Today you'll sort through your medicine cabinet and any other spots in your home where you keep prescription and over-the-counter medications and look for any items that have expired.
Personally, I don’t believe that something becomes ineffective on the expiration date, but six months or a year later? I wouldn’t trust the effectiveness.
I remember my mother-in-law telling me about having an allergic reaction that she tried to halt with an antihistamine. The pill didn’t work, so she took another, and another. She ended up calling the paramedics. It turned out that the pills she’d taken had expired a couple of years earlier and she’d never thought to check the date on them before she needed them.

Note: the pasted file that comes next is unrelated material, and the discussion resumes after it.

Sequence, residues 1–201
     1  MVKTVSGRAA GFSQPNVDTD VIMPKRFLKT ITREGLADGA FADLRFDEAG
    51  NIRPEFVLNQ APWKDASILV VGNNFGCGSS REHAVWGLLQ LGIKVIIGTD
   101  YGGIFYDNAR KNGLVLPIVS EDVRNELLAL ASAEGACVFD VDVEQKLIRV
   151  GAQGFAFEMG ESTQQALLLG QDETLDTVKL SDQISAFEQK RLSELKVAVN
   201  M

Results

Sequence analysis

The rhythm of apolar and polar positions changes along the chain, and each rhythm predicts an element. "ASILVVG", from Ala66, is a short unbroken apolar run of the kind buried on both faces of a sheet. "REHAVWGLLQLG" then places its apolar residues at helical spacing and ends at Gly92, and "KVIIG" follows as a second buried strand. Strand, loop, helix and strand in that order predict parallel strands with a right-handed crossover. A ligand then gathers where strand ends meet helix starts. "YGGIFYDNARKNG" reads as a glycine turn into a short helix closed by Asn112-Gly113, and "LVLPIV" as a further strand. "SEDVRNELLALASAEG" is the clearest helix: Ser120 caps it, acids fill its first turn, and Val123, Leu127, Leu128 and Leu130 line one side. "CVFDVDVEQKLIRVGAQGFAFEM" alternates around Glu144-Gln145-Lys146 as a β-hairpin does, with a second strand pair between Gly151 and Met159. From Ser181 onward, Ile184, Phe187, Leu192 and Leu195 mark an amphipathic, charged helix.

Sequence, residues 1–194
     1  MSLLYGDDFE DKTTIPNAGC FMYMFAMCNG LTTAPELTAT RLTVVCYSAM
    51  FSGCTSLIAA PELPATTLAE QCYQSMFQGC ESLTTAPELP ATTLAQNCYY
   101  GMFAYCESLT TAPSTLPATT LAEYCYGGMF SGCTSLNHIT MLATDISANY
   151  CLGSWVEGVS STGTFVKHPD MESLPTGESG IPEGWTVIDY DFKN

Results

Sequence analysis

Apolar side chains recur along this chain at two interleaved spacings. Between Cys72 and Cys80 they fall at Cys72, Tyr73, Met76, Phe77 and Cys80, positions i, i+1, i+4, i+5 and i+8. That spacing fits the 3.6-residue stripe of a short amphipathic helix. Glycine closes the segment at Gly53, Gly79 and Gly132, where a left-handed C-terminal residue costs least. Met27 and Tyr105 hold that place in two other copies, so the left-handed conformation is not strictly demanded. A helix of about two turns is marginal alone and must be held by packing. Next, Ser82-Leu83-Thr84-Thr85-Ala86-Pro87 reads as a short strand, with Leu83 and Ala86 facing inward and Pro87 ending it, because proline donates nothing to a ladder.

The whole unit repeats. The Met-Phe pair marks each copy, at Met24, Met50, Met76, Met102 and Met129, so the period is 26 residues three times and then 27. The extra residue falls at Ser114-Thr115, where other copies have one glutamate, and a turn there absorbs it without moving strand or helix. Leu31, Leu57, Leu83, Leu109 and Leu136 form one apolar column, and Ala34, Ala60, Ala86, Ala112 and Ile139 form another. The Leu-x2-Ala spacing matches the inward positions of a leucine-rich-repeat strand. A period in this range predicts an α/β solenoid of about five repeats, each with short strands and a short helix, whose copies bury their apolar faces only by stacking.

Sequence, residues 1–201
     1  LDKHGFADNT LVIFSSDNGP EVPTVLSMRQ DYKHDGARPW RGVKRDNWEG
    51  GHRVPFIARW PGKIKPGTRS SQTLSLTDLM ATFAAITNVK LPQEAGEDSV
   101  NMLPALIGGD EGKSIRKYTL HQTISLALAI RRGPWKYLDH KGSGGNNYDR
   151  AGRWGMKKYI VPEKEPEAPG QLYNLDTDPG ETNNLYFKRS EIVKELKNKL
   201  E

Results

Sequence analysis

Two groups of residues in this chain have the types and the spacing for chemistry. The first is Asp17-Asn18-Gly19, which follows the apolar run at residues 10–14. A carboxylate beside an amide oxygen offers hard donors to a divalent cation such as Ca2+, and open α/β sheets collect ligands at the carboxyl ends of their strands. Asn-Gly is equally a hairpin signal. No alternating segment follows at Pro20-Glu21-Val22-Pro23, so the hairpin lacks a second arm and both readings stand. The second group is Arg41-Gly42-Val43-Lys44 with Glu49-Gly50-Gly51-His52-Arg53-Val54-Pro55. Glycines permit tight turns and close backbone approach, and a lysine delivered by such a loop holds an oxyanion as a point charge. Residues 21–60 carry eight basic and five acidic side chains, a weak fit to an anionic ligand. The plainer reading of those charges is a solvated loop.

If you have questions about the effectiveness of recently expired medications, check with your pharmacist.
Your pharmacy (or police station) may have a receptacle for collecting expired medications. If not, avoid tossing medications down the toilet. Instead, mix with old coffee grounds or used cat litter and toss in the trash.
Susan, chief (and only) organized squirrel at A Less Cluttered Life, pursues learning, practicing, and sharing information about the everyday habits that can lead to living a better life.